FILM new releases

William Shakespeare's A Midsummer Night's Dream

(PG) 115 mins *1k*~k

it was Max Reinhardt who in 1934 realised the potential of film to expand and enhance the power of Shakespeare's text in his Hollywood production of A Midsummer Night's Dream. Not since then has any film version sought to pay loyal tribute to this classic tale of misbegotten romance and fairy magic. Until now.

The new film opens with the stunning vista of Tuscany's verdant rolling hills and then pans down to a grand Renaissance palace, where a flurry of activity is taking place in preparation for the wedding of Duke Theseus. And yes, your memory does serve you well. Shakespeare did in fact set his play in ancient Greece. but director Michael Hoffman, cautious that such a distant setting might also distance his audience, instead chose Tuscany at the turn of the century. Unnecessary but apt. as it was a time when high collars and bustles were beginning to loosen and the new invention of the bicycle allowed for greater freedom. Hoffman, therefore, draws upon these factors in highlighting the conflict between the old and young generations in the


The story itself a playful treatment of the timeless

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Kevin Kline in A Midsummer Night's Dream

axiom that 'The course of true love never did run smooth' involves two young couples not yet coupled. as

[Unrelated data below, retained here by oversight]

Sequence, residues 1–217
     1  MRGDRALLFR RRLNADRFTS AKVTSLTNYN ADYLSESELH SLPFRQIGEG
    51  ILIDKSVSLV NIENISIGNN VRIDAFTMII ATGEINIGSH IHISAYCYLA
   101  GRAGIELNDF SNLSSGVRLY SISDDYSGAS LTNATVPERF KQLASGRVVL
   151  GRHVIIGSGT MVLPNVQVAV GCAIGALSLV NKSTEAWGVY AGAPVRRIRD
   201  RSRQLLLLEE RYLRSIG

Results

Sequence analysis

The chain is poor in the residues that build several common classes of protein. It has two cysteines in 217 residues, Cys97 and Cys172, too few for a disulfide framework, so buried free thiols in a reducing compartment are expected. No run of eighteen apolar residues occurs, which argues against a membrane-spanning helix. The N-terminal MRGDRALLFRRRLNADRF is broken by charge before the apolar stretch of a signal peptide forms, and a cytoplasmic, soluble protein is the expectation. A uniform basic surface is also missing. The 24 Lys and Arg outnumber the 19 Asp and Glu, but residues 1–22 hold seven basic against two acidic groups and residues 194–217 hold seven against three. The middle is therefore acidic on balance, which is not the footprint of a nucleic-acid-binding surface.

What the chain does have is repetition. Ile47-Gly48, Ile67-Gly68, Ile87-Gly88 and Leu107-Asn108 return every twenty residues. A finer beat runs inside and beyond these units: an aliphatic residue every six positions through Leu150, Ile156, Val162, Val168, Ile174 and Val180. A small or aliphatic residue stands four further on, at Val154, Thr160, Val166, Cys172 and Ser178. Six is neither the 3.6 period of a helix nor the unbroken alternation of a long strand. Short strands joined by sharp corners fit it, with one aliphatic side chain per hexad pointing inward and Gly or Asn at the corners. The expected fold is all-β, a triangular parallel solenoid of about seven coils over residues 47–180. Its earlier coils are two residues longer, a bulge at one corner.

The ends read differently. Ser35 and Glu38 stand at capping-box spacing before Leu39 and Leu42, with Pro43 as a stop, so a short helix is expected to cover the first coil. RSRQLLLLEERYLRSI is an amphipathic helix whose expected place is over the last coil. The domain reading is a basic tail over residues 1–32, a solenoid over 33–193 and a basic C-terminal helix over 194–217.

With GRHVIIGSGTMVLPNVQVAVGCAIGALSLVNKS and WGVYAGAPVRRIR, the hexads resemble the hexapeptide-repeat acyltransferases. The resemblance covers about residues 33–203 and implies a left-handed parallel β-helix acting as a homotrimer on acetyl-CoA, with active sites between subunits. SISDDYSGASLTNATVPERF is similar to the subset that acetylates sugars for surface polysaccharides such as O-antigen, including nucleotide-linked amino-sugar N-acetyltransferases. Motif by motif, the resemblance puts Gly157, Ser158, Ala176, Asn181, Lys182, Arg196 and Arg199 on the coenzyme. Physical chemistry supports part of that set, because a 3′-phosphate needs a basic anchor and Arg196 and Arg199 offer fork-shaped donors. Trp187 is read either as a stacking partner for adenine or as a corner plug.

it were. and their comical attempts to be so amid the


magic and confusion of the nearby forest. Because of the wealth of material in Shakespeare's play. including the Fairy King and Queen's domestic fail-out and the preparations made by a group of locals to stage a play at the Duke's wedding, individual performances correspondingly have to be larger than life in order to make an impact. Were it not for the subtext involving local villagers and the placing among this group of Kevin Kline in the role of Bottom, the acting in this film would however, be less than inspirational. His heart- warming and sensitive treatment of the usually strictly comic Bottom adds depth and tragedy to a story that would otherwise be swamped by the albeit stunning

Built upon the 'Feliini soundstage‘ at Rome's Cinecitta Studios, the production's masterpiece is undoubtedly the Magic Forest. Shakespeare's text finds its cinematic home in this lush world inhabited by nymphs, satyrs. centaurs and Medusas and delivers the spellbinding magic, making this film a beauty to behold.

(Catherine Bromley)

I General release from Fri 24 Sep.

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The Theory Of Flight (15) 100 mins *‘k‘k

Despite the casting of real-life couple Kenneth Branagh and Helena Bonham Carter in the lead roles, there's been little advance publicity about The Theory Of Flight. Directed by Paul Greengrass (best known for the TV film, The Murder Of Stephen Lawrence), it turns out to be a real cinematic oddity, by turns entertaining and embarrassing, sarcastic and soft- centred, as it charts the efforts of a disabled and terminally-ill woman to

30 THE [131' 23 Sep—7 Oct 1999

ng machine?: Kenneth Brangh in The Theory Of Flight

experience sexual intercourse.